Traditional metal lockers are usually made from 16 gauge steel which is less than 1/16 inch thick material. This thin material makes metal lockers prone to denting and other types of damage. But Duralife Lockers are made of 1/2 inch thick rigid HDPE plastic, which makes them 59 times greater in resistance to impact than metal lockers.

See Video


Graffiti 

Graffiti is a big issue when it comes to school lockers. Students may write all over their lockers, leaving damage and making your school appear in a negative light. It’s important to avoid a locker material that makes it difficult to clean graffiti off, and it’s also costly to utilize various cleaning methods in an effort to do so. You may also have to end up replacing the lockers or repaint them which is very costly.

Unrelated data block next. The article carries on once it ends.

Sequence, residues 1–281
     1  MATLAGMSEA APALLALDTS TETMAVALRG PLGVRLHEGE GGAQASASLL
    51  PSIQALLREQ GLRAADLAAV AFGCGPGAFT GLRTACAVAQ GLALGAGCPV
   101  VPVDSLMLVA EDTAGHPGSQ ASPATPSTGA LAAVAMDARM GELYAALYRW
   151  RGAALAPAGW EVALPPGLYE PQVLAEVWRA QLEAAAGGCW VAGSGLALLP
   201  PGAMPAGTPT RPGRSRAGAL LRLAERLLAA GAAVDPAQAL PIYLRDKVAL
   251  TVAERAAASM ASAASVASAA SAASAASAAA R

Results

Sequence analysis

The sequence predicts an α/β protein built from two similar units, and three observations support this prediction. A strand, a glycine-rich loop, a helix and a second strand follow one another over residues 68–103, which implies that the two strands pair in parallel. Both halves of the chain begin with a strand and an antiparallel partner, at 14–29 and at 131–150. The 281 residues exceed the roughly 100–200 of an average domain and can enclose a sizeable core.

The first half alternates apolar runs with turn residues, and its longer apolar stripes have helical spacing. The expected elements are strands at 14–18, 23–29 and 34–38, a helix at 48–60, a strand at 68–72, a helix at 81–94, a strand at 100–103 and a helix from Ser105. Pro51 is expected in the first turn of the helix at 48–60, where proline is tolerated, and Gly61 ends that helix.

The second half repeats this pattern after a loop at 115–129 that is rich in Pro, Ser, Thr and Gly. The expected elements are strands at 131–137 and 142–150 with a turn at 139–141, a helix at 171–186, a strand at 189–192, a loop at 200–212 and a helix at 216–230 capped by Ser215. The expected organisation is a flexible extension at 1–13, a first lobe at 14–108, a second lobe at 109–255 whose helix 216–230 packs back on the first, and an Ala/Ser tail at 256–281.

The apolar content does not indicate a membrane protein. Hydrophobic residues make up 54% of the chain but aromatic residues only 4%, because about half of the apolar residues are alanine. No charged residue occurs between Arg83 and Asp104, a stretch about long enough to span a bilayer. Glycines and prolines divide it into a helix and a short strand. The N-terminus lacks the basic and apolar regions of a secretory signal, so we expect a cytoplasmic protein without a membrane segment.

The second test of the Duralife 123 Challenge is graffiti. School personnel wrote on a metal locker and a Duralife Locker with permanent markers, and then they attempted to clean the marker off. As they tried to wipe the marker off the metal lockers very little came off and the graffiti was still very visible, , But when they wiped the marker off the HDPE plastic lockers, there was no residue left with little effort.

See Video


Noise

One big issue with metal lockers is the noise they produce when students close them. Hearing this loud sound ring throughout the halls is enough to give anyone a headache, and it’s particularly distracting to the students in class when they hear various locker slams in the hallway.